The worst social media of 2007?

12 March 2008

At South by Southwest Interactive (SXSWi), a panel of judges has just chosen the winners (or should that be losers?) of The Suxorz – “the Worst of the Worst in Social Media Marketing for 2007″.

As some of the companies nominated are clients and I do not know whether we were involved in any of the campaigns (I know we weren’t in the UK), I’ll point you to Scott Monty’s round up of the contenders.

I find a few things interesting about this.

Judging Criteria

This included:

  • Advertisers acting like asses
  • Out and out lying to customers
  • Corrupting authentic voices

The Conclusion

Steve Hall (adrants.com): “It’s not hard to tell the truth; if you don’t, it’s just a matter of time before the public finds out.”

Carrot or Stick

I’m still on the fence over whether it’s better to applaud good behaviour or berate bad. In my experience, the latter is far easier to do (and indeed is what some of the panel have built their own reputations on). My concern is that it stops brands who want to do the right thing from even trying, just in case someone decides to turn on them. It serves to reinforce the corporate perception that I encounter all the time; that social media is just one big lynch mob.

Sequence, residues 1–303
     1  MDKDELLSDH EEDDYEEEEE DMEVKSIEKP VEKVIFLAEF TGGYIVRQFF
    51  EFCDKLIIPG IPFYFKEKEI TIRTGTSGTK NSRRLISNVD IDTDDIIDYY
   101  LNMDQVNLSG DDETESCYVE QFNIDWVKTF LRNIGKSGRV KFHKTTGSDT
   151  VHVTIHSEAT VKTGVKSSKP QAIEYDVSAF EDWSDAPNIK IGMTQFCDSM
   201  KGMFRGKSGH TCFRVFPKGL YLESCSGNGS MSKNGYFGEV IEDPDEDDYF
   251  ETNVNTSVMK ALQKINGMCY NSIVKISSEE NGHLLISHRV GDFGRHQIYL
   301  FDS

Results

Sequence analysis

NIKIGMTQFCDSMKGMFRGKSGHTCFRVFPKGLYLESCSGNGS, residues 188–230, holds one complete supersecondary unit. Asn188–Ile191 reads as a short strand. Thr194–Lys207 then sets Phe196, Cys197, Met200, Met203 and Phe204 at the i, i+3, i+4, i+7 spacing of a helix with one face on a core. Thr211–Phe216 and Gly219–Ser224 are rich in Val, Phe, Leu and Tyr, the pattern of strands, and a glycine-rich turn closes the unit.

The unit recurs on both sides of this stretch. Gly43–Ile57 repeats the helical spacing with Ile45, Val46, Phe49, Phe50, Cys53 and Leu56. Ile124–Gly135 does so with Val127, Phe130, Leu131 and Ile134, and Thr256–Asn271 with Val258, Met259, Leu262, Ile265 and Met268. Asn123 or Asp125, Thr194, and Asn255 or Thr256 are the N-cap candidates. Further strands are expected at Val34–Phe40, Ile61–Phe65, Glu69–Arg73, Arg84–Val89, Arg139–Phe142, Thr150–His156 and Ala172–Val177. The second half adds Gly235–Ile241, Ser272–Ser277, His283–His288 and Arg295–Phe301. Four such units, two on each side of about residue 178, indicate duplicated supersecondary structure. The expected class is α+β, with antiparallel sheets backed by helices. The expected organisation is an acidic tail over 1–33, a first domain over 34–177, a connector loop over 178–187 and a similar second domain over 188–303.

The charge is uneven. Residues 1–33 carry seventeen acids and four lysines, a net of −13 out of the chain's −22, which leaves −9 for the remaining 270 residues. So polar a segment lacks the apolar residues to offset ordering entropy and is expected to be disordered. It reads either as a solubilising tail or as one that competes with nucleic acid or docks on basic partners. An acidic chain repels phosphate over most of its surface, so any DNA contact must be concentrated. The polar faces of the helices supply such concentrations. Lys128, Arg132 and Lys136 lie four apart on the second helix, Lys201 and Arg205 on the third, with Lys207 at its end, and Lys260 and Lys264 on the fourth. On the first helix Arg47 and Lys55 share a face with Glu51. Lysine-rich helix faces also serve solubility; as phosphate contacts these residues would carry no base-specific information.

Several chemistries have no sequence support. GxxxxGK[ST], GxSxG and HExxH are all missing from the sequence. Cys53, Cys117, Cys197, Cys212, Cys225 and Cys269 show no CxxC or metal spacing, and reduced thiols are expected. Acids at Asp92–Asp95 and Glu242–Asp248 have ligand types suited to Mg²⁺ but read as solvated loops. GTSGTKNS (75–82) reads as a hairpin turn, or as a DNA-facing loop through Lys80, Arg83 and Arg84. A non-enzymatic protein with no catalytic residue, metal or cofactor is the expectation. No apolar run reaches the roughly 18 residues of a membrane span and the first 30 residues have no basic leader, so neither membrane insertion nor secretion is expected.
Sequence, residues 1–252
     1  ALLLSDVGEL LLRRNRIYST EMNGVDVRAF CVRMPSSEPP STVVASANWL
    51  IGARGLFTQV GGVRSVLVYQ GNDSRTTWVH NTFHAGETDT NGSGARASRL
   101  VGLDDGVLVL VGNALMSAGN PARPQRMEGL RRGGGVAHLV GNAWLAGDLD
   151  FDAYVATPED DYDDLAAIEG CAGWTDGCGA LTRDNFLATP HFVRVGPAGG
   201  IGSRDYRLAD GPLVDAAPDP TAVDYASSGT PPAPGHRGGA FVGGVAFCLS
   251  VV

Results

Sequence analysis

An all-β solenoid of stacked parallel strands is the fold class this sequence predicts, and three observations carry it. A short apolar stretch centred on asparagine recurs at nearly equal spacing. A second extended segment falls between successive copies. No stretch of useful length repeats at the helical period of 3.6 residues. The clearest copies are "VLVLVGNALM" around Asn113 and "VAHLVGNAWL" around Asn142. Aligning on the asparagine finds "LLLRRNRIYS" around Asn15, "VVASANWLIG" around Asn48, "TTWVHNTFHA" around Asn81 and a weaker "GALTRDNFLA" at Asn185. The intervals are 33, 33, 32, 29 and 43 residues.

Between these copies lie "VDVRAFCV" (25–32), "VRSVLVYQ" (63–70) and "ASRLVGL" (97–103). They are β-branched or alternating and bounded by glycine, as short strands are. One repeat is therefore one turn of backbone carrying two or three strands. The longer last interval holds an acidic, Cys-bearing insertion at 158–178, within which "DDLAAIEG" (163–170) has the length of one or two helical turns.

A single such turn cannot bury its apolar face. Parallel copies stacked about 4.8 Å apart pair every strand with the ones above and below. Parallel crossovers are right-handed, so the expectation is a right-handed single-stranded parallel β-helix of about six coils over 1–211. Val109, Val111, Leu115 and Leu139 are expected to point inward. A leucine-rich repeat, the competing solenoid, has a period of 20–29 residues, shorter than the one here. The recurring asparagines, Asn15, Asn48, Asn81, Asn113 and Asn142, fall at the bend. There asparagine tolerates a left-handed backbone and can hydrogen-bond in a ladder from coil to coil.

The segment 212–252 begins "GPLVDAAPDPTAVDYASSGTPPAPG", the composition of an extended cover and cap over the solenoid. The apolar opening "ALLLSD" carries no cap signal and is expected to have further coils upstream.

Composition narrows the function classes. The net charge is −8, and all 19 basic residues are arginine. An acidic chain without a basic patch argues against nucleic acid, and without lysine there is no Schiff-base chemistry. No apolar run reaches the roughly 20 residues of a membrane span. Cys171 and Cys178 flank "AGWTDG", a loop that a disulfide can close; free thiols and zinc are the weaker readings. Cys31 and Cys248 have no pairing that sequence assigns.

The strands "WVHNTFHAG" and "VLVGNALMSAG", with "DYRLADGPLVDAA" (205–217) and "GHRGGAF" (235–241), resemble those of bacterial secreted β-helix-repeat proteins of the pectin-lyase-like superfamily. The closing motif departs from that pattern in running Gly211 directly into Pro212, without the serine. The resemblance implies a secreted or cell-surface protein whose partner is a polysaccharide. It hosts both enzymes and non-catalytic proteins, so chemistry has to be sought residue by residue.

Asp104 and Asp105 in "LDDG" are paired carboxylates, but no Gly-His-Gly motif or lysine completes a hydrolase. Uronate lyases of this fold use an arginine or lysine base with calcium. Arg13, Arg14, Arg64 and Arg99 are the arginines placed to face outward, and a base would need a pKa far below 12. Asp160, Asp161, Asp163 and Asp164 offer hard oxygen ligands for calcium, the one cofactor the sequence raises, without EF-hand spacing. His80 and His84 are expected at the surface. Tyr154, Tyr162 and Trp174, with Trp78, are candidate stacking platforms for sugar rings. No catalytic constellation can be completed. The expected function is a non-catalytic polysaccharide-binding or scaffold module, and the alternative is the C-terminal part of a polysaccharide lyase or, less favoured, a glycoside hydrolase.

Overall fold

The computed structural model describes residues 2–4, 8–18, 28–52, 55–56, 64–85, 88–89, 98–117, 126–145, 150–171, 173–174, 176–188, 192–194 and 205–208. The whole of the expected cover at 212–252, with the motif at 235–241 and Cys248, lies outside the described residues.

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3 Responses to “The worst social media of 2007?”

  1. Peter I

    Yeah, I was there and PR agencies definitely took the brunt of the punishment, especially one in particular.  Unfortunately, the ones that people had the worst reactions too probably fall into the realm of media buying (PayPerPost, big commercials put on YouTube, etc.).  Still, social media marketing has got a long way to go before it is a respected discipline, even among peers.

  2. Scott Monty

    Niall, if it makes you feel any better, there’s a corollary post about the best in corporate blogging. I know it’s not the same as a full-on social media marketing campaign, but the fear factor was addressed. You can check it out here: http://www.scottmonty.com/2008/03/corporate-blogging-how-pros-do-it.html

  3. Niall Cook

    Thanks Scott. Aside from those companies represented by the panel, it doesn’t seem to pick out any particular examples of good practice, in the same way the Suxorz did for bad. I guess this was my last point.

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